A minimally invasive L5-S1 spinal fusion procedure that stabilizes the foundation of your spine.
Small Incision Size
AxiaLIF+ utilizes a 2-3cm incision near the tailbone, minimizing damage to muscles and tissues around the spine.(1)
When compared to similar L5-S1 spinal fusion procedures, AxiaLIF+ frequently shortened recovery times for patients.(2,3,4,5)
High Fusion Rate
AxiaLIF+ demonstrates a 94% fusion rate for spinal fusion at the L5-S1 joint,(2,3,4) a success rate comparable to alternative methods.
How L5-S1 Spinal Fusion With AxiaLIF+ Works
AxiaLIF+, short for Axial Lumbar Interbody Fusion, is a minimally invasive spinal fusion procedure performed on the lumbar spine at the L5-S1 interspace.
Are you a candidate for L5-S1 spinal fusion? Patients that require stabilization in the spine to stop painful motion and decompress pinched nerves are often candidates for spinal fusion surgery. If you experience these symptoms and present the proper indications, your doctor may recommend a spinal fusion utilizing AxiaLIF+.
Your surgeon will perform the procedure while you are under general anesthesia. Medical professionals will cleanse the lower back area for surgery preparation. Your surgeon will make a small incision (2-3 cm) next to the tailbone, through which the surgeon will insert special instruments guided by surgical imaging techniques. Once a pathway to sacrum and lumbar spine is established through a protected, cannulated tube, your surgeon will extract the diseased disc to clear the space for the AxiaLIF+ implant. When completed, your surgeon will use bone graft to fill the empty disc space.Your surgeon will then insert the AxiaLIF+ implant, a threaded titanium rod, which will stabilize the spine and restore the lost disc height.
You may be a candidate for AxiaLIF+ if you have:
- Degenerative disc disease
- Spondylolisthesis (low grade) at L5-S1
- Spinal stenosis
- Failed fusion from a previous surgery
You may NOT be a candidate for AxiaLIF+ if you have:
Weeks before the surgery
- Presurgical tests
Your medical professionals may perform a blood test, chest X-ray, electrocardiogram, or other tests, to determine if you are fit for surgery. In the doctor’s office, you will sign consent forms and provide your medical history (i.e., allergies, medicines/vitamins, bleeding history, anesthesia reactions, and previous surgeries).
Tell your healthcare provider about any medications (over-the-counter, prescription, herbal, or supplements) that you are taking. Continue taking the medications your surgeon recommends. Stop taking all non-steroidal anti-inflammatory medicines (Naprosyn, Advil, Motrin, Nuprin, Aleve, etc.) and blood thinners (Coumadin, Plavix, etc.) 1 to 2 weeks before surgery as directed by your doctor. Ask your doctor if you are unsure.
- Stop smoking and drinking before surgery
The most important way to achieve a successful spinal fusion is to quit smoking 1 week before and 2 weeks after surgery. Stop cigarettes, cigars, pipes, chewing tobacco, and smokeless tobacco (snuff, dip).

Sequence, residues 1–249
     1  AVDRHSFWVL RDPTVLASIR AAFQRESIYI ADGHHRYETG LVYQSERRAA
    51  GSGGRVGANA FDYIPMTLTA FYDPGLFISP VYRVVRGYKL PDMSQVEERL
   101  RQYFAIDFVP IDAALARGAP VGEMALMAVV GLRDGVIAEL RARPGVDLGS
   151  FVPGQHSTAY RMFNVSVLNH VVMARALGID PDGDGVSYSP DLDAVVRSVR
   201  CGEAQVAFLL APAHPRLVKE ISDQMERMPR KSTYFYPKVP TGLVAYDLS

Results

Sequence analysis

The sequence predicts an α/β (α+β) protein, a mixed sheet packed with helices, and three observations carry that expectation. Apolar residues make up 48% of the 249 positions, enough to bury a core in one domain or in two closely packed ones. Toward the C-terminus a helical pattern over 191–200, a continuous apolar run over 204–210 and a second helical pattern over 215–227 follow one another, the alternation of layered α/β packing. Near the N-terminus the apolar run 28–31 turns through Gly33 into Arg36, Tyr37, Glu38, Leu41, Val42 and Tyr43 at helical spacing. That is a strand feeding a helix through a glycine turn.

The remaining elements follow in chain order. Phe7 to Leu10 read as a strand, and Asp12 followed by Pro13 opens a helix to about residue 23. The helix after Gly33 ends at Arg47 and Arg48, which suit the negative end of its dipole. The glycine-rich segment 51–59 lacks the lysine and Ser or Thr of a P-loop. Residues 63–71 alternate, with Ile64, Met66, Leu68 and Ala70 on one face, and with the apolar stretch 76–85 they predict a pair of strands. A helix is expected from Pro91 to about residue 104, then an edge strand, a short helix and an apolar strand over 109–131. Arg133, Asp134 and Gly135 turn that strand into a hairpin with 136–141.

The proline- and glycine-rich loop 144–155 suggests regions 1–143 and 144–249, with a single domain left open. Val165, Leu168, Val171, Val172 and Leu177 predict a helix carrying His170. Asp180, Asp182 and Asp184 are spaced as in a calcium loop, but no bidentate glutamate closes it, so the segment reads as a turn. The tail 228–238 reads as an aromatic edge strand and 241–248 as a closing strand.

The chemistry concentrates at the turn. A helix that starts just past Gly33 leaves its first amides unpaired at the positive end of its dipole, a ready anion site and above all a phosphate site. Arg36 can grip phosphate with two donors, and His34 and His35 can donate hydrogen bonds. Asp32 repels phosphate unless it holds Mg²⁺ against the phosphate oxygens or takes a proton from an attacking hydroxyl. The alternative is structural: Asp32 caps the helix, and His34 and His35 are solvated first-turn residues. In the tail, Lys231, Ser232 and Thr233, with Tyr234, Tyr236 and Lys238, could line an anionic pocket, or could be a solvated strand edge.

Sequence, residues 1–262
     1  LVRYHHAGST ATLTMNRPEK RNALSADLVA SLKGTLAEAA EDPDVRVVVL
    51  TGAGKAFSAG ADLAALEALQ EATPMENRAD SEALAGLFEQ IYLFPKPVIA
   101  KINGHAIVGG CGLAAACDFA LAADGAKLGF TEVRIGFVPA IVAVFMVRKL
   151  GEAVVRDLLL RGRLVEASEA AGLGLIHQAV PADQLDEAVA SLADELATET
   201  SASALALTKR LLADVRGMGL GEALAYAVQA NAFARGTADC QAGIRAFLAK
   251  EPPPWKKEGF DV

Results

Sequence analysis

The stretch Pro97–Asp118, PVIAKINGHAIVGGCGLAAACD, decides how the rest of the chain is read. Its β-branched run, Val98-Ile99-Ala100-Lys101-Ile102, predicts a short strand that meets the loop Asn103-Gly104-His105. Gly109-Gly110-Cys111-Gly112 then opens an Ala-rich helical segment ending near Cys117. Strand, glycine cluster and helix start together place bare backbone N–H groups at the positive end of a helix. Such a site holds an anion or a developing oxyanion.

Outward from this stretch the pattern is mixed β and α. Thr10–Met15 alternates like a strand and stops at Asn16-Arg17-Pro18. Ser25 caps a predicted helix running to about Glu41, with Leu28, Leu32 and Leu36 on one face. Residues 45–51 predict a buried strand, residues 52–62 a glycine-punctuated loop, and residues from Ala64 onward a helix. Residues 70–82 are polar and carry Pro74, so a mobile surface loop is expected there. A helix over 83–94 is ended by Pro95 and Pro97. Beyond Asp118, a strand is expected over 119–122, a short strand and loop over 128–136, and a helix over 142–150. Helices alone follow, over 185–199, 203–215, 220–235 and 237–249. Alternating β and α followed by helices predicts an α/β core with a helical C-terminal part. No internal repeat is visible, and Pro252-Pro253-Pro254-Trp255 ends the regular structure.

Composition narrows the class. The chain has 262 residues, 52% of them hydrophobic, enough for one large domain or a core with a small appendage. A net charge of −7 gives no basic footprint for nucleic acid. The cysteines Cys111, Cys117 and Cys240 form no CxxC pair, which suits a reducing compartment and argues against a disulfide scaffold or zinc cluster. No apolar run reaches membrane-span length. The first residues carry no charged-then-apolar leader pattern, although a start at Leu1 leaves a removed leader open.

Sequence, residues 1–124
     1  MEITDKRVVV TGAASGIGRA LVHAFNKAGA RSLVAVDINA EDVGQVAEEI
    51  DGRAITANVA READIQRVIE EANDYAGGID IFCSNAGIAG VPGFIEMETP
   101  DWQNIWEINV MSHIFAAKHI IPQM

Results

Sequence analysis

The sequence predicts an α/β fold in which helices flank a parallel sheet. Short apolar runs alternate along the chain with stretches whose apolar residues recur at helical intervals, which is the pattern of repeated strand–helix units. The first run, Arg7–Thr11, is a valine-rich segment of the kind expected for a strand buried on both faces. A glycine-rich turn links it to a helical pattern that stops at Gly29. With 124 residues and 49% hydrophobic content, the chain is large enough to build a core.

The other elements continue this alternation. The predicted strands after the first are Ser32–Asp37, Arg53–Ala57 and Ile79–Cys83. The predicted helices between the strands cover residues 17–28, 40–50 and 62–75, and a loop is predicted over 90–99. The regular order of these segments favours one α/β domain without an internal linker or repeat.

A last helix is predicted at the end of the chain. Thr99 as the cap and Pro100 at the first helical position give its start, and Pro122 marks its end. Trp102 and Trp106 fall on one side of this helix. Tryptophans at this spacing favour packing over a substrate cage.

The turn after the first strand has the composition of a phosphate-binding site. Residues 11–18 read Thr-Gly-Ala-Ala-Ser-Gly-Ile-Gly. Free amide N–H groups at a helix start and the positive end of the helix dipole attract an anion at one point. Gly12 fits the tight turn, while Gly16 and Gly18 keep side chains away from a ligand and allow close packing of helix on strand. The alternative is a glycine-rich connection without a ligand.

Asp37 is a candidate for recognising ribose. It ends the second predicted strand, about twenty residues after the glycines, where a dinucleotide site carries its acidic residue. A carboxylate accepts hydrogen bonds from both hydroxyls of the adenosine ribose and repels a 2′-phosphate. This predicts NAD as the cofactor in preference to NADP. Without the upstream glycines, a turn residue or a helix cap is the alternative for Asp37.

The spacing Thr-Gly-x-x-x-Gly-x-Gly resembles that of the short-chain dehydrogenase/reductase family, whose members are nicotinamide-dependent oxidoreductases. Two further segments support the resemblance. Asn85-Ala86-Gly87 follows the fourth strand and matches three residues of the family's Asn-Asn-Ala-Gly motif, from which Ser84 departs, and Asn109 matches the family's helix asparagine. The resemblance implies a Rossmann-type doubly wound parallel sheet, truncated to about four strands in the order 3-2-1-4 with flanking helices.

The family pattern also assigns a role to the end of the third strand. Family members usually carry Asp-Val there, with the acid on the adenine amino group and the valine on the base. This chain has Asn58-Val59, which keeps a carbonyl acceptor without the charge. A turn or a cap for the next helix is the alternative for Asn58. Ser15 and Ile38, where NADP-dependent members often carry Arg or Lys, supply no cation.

Nicotine prevents bone growth and decreases successful fusion. In one medical study, fusion failed in 40% of smokers compared with 8% of non-smokers (7). Smoking also decreases blood circulation, resulting in slower wound healing and increased risk of infection. Talk with your doctor about help to quit smoking; your doctor may recommend nicotine replacements, pills without nicotine (Wellbutrin, Chantix), or tobacco counseling programs.
Your doctor may recommend you stop drinking alcohol 1 week before and 2 weeks after surgery to avoid bleeding problems.
Day before surgery
- Bowel prep
Emptying the colon is a precaution before a patient undergoes an AxiaLIF+ procedure. An empty bowel is easier to manipulate and protect during surgery and reduces the infection risk in the unlikely case of perforation. The preparation is the same taken to empty the bowel before a colonoscopy.
Of the various bowel preparations, each has slightly different instructions, including tips to make it more tolerable or what to drink with it. Get your preparation early, read the instructions, discuss with your doctor and plan for that day in advance.
The day before surgery, your doctor may recommend that you stop eating solid foods and begin a clear liquid diet. You will take the bowel preparation usually the afternoon/evening before surgery as instructed by your surgeon. Make sure to follow your doctor’s directions as closely as possible.
Morning of surgery
You will arrive at the hospital two hours before (if at a surgery center, typically 1 hour before) your scheduled operation to complete the necessary paperwork and pre-procedure work-ups. An anesthesiologist will talk with you and explain the effects of anesthesia and its risks. Your surgeon and medical staff will place an intravenous (IV) line in your arm.
Your surgeon and his office will likely give you the following instructions: